Donna Tartt is a wonderful writer. Look at how she arrived in 1992: “The snow in the mountains was melting and Bunny had been dead for several weeks before we came to understand the gravity of our situation.”
The Secret History more than lived up to the promise of that opening. It was a glorious combination of intrigue, in-crowd appeal, mystery and wrong-footing cheek. It was intelligent, fresh and a compulsive page-turner. It turned Tartt into a star and sold truckloads of copies, as did her next book, The Little Friend. After only three novels, she is one of the 100 most influential people in the world, according to Time Magazine.
Which goes to explain why editing Donna Tartt must be a daunting task. Why it would have taken steel cojones to ask her to trim down some of The Goldfinch’s 864 pages. Why no one would want to be the person to tell her that the last 30 pages of her novel are among the worst ever committed to paper by a serious writer. Not least because an editor with good instincts would know that Tartt was also clearly doing something right. This book, eagerly awaited for more than a decade (it was originally scheduled for publication in 2008), has done the business. It’s sold millions of copies. It got a rave review in the New York Times from the great Michiko Kakutani. It won the Pulitzer prize. Better still, Stephen King liked it. He said: “The Goldfinch is a rarity that comes along perhaps half a dozen times per decade, a smartly written literary novel that connects with the heart as well as the mind.”
I’m not about to disagree with Stephen King; not entirely. I’d maybe quibble about the “smartly written”, although there are undoubtedly some fine moments of drama and of comedy. But there’s no doubt that this book does connect with the heart and mind.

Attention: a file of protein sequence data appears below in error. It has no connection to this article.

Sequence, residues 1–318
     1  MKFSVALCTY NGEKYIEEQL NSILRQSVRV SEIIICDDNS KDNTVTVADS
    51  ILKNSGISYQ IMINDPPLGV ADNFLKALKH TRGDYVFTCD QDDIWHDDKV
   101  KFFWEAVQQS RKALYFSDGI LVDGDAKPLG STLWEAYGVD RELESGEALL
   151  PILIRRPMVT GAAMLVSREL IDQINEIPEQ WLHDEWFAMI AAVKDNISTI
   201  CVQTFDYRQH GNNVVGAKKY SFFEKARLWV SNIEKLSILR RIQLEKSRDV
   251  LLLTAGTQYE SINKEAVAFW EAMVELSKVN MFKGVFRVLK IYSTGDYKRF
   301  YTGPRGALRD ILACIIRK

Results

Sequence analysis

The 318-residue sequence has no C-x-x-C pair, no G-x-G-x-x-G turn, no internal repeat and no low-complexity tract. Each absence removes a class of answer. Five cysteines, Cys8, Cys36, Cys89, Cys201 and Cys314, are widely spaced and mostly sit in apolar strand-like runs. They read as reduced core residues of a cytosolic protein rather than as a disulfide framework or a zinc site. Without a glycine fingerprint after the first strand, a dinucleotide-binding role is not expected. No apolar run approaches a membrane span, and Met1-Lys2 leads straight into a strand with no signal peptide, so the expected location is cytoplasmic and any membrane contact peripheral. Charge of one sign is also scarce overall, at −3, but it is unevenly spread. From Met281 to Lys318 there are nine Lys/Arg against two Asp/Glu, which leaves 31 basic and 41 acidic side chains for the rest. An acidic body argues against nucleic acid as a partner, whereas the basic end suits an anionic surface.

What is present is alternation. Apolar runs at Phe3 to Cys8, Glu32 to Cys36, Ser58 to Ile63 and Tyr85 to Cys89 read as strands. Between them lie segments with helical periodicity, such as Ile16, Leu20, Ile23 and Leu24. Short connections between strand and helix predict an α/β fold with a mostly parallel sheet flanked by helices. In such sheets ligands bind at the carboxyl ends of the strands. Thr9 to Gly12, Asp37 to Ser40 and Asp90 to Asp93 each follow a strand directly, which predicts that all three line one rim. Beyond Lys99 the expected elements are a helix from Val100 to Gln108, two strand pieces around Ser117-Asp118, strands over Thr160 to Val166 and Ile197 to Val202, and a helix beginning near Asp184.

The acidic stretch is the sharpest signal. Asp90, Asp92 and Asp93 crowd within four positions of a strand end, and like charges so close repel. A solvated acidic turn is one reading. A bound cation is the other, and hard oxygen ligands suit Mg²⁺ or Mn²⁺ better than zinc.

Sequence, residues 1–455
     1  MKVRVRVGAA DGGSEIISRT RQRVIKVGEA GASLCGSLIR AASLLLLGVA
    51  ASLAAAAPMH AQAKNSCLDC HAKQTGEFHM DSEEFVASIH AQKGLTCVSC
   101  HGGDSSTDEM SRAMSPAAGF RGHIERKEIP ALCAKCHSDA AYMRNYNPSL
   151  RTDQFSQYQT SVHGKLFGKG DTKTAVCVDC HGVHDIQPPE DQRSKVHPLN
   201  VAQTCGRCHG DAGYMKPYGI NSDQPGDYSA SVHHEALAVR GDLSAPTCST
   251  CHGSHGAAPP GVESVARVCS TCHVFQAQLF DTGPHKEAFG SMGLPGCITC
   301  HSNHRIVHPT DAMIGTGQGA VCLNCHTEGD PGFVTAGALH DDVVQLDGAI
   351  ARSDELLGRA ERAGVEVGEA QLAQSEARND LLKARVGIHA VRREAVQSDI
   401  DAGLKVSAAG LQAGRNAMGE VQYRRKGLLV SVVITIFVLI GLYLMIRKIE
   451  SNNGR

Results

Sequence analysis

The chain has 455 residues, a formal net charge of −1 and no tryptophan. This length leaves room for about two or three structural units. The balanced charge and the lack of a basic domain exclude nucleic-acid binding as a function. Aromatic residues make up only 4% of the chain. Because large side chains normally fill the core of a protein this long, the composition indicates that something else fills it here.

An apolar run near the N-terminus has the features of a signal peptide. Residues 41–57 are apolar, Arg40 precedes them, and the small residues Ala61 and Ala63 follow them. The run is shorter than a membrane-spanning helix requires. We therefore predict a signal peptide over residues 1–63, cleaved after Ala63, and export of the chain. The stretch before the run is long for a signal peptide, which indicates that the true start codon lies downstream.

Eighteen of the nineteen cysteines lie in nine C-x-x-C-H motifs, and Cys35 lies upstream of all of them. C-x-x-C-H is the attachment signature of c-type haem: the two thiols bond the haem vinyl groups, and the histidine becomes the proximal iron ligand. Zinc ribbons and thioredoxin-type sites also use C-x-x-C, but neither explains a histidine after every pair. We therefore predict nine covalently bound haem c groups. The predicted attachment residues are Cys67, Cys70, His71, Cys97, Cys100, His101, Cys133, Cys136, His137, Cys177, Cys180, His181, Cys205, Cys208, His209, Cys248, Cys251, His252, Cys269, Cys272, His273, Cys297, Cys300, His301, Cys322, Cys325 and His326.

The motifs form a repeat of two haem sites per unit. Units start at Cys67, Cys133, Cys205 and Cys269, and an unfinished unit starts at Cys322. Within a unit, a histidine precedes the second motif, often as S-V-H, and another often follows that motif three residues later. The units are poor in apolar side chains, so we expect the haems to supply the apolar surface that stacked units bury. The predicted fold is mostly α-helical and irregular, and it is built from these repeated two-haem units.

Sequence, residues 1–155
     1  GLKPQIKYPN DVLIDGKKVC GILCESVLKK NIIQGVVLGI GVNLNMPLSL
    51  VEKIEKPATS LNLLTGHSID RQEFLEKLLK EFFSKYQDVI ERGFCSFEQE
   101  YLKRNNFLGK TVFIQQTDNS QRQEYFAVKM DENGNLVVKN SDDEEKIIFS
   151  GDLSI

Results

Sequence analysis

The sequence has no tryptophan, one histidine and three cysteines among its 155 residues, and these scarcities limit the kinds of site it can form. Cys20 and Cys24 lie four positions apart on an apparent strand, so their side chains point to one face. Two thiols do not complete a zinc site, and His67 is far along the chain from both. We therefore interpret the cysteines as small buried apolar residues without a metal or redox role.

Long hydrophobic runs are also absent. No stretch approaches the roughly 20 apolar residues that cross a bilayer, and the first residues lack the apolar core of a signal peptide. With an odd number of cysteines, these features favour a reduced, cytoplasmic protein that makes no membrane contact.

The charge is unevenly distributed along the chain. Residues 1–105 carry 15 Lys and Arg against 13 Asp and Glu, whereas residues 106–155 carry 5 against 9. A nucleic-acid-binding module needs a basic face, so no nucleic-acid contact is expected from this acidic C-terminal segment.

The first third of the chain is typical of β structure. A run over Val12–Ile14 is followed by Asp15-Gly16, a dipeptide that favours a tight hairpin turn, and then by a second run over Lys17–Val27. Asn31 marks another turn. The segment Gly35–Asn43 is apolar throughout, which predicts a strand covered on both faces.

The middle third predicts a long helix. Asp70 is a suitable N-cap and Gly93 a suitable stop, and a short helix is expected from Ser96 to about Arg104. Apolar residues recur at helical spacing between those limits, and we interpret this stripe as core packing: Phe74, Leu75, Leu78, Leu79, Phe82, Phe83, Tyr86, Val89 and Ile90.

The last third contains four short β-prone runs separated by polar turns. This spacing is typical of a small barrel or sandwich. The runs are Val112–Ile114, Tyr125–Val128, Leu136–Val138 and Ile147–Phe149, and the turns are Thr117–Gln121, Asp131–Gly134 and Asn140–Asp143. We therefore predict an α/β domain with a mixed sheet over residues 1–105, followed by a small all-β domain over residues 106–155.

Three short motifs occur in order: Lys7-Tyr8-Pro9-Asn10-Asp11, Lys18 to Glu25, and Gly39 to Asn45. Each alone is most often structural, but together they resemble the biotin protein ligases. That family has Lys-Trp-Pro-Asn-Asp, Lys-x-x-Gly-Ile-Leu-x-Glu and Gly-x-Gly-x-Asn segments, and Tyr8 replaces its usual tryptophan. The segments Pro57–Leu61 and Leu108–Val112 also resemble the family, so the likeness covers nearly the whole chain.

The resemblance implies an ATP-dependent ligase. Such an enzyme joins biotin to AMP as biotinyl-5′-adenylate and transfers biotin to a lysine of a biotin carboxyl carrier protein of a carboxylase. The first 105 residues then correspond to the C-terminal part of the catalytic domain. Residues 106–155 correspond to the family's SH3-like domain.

Just in case you aren’t among the millions who have already read the book, here’s a quick summary. Theo Decker is 13 years old when his life is blown apart, in a very literal sense. There’s an explosion in a gallery he’s visiting with his devoted, angelic mother. She dies; he escapes with minor injuries and carrying a priceless painting from 1654 called The Goldfinch. He’s taken this masterpiece because a dying old man who ended up beside him after the blast told him to do so. This man also gave Theo a signet ring that leads him to the house of a charming old furniture restorer called Hobie – a place that becomes a safe haven as Theo tries to come to terms with his loss and deal with his alcoholic and chronically unreliable father, then falls into his own spiral of self-destructive behaviour and substance abuse. Oh, and fails to return that rather important painting to the proper authorities...
Theo, the narrator, is an admirably unlikable character. He’s flawed, selfish and does very silly things. But Tartt gives him a strong sense of decency underneath it all and surrounds him with some lovable creations. Hobie is a fine old gent, while Theo’s friend Boris can at his best set the page alight with all the fire of a Betsey Trotwood or a Falstaff. He’s a fantastic rogue, swaggering, swearing, half-cut and all heart. His catchphrase is the splendidly insouciant “fuck it”, and I fell for him almost as hard as Theo does.
Meanwhile, there are those cerebral rewards that King referred to. This is a novel that references Antoine de Saint-Exupéry’s mighty Wind, Sand And Stars , that asks fascinating questions about human fallibility and culpability, that has a great deal to say about the way we value art - both financially and as a measure of human achievement and the human soul.
But it’s on this latter point that the problems crowd in. When I write “a great deal to say”, I mean it. There are pages and pages of dull theorising and cod-philosophising. And then, just in case you miss it first time, there’s a great clump of useless explanation at the end of the novel, tacked on after the action concludes.
There are other large sections of the book that seriously drag. The Goldfinch has stirred up quite a bit of controversy, with critics such as James Wood saying its success represents “further proof of the infantilisation of our literary culture”, and howling that the emperor has no clothes. The fight - as explained in this fine Vanity Fair article - is often portrayed as one between readers who understand the value of good old-fashioned entertainment and snotty critics who want something more serious. But my objection to The Goldfinch isn’t to do with not being smart enough, but that too much of it is dull.
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